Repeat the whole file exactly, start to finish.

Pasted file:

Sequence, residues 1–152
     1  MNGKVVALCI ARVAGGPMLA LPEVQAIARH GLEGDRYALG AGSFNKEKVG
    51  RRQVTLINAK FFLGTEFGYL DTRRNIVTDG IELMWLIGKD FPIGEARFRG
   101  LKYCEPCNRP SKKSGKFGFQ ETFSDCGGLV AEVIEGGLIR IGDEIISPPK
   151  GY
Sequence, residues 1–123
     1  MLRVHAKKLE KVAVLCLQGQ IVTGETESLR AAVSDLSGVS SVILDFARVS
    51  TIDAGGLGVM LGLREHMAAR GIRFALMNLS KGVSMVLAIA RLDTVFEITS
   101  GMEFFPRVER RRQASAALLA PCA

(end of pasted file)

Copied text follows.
Sequence, residues 1–152
     1  MNGKVVALCI ARVAGGPMLA LPEVQAIARH GLEGDRYALG AGSFNKEKVG
    51  RRQVTLINAK FFLGTEFGYL DTRRNIVTDG IELMWLIGKD FPIGEARFRG
   101  LKYCEPCNRP SKKSGKFGFQ ETFSDCGGLV AEVIEGGLIR IGDEIISPPK
   151  GY
Sequence, residues 1–123
     1  MLRVHAKKLE KVAVLCLQGQ IVTGETESLR AAVSDLSGVS SVILDFARVS
    51  TIDAGGLGVM LGLREHMAAR GIRFALMNLS KGVSMVLAIA RLDTVFEITS
   101  GMEFFPRVER RRQASAALLA PCA